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Eat, Drink, and Be Married

A Cocktail Party
June 26, 2004

The Bride and Groom: Rachel Rice, 31, a pediatric physical therapist, and Erik Geisler, 31, the co-owner of a credit-card-processing company.

The Setting: Banchet Flowers, an 1,800-square-foot brick-walled florist's shop in the meatpacking district.

The Backstory:
The couple wanted a reception that replicated the relaxed environment of their engagement party, an impromptu get-together at the bar at the Soho Grand Hotel with family and friends the night after Erik proposed. "The evening was so personal - everyone could chat with everyone," says Erik. "We thought it would be a shame if we couldn't have an equally relaxed environment at our wedding." So out went all of the trappings of a traditional wedding - the ballroom, round tables, 250-person guest list, sit-down meal, and highly scripted timeline ("Like, 'Now it's time to cut the cake,'" says Erik); instead, they opted for Banchet's bare-bones space.

Photographs by Yancey Hughes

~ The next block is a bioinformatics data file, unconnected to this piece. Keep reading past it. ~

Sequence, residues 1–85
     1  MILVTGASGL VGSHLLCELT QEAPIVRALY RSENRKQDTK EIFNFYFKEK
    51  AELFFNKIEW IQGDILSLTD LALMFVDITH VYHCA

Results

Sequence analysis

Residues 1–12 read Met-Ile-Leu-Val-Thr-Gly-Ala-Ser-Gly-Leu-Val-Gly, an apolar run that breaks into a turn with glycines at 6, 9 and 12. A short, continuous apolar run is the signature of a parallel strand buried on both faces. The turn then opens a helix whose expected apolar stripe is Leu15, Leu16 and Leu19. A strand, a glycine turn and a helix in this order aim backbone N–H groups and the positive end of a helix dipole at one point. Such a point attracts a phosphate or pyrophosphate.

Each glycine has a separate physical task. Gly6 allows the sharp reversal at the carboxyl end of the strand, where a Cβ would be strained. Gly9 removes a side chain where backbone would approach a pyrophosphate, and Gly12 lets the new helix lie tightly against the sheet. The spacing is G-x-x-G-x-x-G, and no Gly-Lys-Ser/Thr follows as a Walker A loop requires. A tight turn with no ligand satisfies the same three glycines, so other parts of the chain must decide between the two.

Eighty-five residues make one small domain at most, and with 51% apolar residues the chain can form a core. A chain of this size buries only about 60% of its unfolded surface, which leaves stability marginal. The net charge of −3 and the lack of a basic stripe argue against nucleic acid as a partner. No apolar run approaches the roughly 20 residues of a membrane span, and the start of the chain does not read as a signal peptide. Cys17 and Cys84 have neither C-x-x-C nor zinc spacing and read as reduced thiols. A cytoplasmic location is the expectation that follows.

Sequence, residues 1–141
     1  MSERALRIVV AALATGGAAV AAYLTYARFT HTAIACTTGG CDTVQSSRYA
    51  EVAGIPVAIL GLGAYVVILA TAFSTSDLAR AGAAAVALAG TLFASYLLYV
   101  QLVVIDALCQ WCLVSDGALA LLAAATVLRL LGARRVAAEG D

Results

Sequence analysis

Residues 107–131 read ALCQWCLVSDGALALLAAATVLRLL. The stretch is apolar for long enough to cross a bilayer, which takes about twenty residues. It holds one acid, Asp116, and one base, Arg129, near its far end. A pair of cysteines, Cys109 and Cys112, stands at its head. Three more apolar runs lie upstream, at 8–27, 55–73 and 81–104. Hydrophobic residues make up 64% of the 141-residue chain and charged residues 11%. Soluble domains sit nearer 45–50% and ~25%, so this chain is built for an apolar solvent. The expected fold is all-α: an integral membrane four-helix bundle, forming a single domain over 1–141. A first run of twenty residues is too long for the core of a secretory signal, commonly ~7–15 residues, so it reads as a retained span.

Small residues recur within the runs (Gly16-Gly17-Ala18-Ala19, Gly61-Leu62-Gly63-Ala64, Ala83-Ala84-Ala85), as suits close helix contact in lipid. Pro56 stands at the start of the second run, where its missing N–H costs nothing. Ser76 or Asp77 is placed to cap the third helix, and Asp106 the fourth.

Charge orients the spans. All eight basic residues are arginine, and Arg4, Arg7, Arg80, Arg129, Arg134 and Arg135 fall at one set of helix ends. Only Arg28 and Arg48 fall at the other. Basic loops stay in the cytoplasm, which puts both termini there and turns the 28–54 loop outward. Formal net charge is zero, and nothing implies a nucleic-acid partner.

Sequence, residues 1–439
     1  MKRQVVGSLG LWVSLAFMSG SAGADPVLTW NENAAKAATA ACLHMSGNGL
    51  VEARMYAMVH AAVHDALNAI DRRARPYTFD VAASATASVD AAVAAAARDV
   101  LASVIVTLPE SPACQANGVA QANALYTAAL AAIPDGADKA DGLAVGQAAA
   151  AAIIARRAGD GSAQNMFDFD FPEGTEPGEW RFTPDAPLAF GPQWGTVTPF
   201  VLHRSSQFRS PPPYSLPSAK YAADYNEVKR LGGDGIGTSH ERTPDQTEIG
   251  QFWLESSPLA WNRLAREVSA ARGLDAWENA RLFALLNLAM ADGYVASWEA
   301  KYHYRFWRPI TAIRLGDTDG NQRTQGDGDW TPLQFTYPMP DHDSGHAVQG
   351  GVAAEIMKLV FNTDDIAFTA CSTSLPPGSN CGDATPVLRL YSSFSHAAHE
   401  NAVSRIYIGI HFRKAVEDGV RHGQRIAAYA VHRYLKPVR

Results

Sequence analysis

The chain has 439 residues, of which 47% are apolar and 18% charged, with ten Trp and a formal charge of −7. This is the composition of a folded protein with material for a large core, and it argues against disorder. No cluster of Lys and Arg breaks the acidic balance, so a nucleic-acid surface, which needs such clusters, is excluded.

Making it Happen:
With room for only four small tables (a concession to older relatives), most of the 100 guests would be standing all evening. So caterer Marcey Brownstein came up with a selection of twenty hors d'oeuvre that could be eaten without plates or silverware and while balancing a drink. "We wanted things that people didn't normally see," says Erik. The menu included Asian panko scallops with three-herb chili chutney; vegetable rice-paper rolls with miso dipping sauce; leek, feta, and black-olive mini-tartlets; fish and chips in a paper cone, as well as heartier fare like baby lamb chops with crushed almond pesto and filet mignon on rye. Soup "sips" - lobster bisque, cream-of-wild-mushroom soup, and sweet-pea soup served in shot glasses - mixed things up, texture-wise.

How it Played Out:
After the 7:15 ceremony, the wait staff served Veuve Clicquot and cocktails as well as the hors d'oeuvre, which were passed for the next two hours. "I loved that people could socialize and not be interrupted by the food," says Rachel. After a brief lull, wedding cupcakes and chocolate fondue with cake made the rounds. "People loved the party—it matched our personalities," says Erik, who found that the lounge music that played all night had him thinking he was in the coolest club. "We're fun, we love to break the rules, so people saw it as a reflection of us. There was the novelty of guessing what was going to happen next."

The Tab:
About $95 a head for food and beverage.

From the Spring 2005 New York Wedding Guide